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Mike & Molly Is A New Chuck Lorre Sitcom Premiering On CBS

Monday, September 20, 2010

LOS ANGELES (Hollywood Reporter) – Three things that will come as no surprise to viewers who tune into CBS' new sitcom "Mike & Molly" on Monday: it is about two overweight people looking for love; Chuck Lorre is attached as an executive producer, but it comes from the mind of Mark Roberts (of "Two and a Half Men," also a Lorre creation); and fat jokes are served up as fast as McDonald's hamburgers.

Lorre has built a kingdom out of showcasing lovable losers: the barely functional men of "Men," the nerds of "The Big Bang Theory" and now "Mike & Molly." All originate in fertile grounds for fun-making (Carl says embracing Mike is like "hugging a futon") and are bottomless wells of a certain kind of comedy. But his earlier efforts have underscored the humanity in the social outcast; here, the mix of schadenfreude and reductionism coming from the writers makes "Mike & Molly" cold and calculating, despite its likable leads and cast.

There was the hope that a show that bucks convention by starring two people who approximate the appearance of a vast number of Americans wouldn't merely feature fat setups followed by fat pratfalls (note: a broken finger from such a tumble is more Tarantino than sitcom). Alas, such is not to be. Mike's last name is Biggs, after all. There is no third dimension in personality here, only in body size.Gardell was in Cincinnati because he was on the road as a stand-up comic. “Man, I’ve been a road comic for twenty years. I’m not in a Holiday Inn this weekend I’m excited. When it’s show night and you hear that audience laughter and you know it’s not canned laughter, it’s insane gratification.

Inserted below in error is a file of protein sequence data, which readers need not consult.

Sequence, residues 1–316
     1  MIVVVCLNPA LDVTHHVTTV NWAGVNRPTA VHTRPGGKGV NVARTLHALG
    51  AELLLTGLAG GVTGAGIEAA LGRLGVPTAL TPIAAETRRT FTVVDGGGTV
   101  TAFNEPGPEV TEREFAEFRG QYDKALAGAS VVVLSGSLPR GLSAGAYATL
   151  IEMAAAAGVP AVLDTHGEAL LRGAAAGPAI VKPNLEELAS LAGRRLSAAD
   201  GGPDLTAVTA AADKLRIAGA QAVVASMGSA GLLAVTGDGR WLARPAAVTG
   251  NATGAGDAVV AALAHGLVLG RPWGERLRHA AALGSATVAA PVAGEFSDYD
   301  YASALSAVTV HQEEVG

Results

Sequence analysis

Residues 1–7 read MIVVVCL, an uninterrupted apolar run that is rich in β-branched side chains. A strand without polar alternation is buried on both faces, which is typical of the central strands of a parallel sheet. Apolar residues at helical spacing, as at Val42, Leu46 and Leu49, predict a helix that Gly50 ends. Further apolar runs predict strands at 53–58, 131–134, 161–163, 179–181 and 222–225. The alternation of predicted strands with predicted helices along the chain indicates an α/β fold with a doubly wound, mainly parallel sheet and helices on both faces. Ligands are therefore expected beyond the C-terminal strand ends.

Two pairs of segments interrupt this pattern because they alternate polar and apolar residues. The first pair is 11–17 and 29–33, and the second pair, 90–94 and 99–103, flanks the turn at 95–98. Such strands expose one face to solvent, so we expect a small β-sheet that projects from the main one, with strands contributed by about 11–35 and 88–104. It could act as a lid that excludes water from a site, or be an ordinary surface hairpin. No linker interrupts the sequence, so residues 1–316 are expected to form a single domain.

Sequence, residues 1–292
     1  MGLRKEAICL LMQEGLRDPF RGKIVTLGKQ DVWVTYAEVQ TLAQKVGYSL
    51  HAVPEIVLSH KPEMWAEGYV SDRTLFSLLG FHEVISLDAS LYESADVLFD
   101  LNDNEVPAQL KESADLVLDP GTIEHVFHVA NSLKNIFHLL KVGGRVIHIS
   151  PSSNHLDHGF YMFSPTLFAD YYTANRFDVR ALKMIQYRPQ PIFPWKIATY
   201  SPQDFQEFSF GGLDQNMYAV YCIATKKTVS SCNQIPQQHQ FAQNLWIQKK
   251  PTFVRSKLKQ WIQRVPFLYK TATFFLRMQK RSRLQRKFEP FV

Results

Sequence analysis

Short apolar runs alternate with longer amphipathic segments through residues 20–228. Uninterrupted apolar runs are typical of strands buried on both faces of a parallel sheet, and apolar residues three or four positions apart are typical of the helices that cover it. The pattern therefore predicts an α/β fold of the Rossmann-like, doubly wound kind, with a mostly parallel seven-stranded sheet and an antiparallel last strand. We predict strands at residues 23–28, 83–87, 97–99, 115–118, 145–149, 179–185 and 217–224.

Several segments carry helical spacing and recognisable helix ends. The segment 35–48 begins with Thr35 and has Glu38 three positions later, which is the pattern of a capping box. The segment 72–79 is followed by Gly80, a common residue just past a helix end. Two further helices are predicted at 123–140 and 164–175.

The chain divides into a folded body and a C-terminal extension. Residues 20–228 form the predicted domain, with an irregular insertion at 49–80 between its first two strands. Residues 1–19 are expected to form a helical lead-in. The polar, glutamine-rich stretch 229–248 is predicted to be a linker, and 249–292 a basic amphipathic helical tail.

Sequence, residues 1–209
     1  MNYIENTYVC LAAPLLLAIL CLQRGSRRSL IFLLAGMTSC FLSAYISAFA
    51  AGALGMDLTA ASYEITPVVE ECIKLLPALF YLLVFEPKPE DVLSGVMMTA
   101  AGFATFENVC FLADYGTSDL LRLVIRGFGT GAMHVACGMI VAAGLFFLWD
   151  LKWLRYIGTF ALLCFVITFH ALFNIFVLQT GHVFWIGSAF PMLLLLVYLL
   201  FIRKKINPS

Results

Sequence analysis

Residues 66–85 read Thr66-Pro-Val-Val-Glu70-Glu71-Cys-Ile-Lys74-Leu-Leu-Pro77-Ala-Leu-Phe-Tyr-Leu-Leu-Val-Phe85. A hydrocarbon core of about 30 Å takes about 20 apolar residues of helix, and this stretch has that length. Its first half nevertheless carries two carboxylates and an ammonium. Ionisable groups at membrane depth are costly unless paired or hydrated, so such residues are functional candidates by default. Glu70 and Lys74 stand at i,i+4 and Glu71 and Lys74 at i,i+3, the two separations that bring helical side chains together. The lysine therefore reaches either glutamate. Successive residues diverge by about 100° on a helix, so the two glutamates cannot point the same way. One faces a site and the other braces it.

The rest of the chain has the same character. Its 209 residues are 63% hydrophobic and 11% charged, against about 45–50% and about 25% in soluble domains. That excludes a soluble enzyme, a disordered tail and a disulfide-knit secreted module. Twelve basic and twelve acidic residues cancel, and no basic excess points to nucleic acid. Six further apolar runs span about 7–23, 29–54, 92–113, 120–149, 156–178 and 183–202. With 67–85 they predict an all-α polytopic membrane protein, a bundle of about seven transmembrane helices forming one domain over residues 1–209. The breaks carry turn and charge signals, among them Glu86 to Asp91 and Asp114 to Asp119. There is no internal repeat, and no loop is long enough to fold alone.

It’s awesome. They’re a little more forgiving in the TV studio. You get a chance to do it again, which you don’t get in stand-up. Stand-up is a level playing field. There’s no, hey, let’s do it again. Or, you’re beautiful, so we’ll cut you a break. It’s a live audience on Friday. You suck or you don’t suck. That’s what attracted me to stand-up. There’s no pretending.” Gardell says his hero in movies and television is Jackie Gleason, that Gleason was a band leader who showed the big guy could be cool.

In entertainment, the move toward more portly TV characters is part of a trend that producers say reflects the growing waistlines of Americans. Gardell has no problem calling himself fat, and joked on Wednesday that he had broken a chair when sitting on it earlier in the day."When you are a fat guy in Hollywood, you either play the bad guy, a cop, or a neighbor," said Gardell, 40. "I am humbled to be, at this weight and this age, in Hollywood and working with this team. I can't wait to go to work every day."

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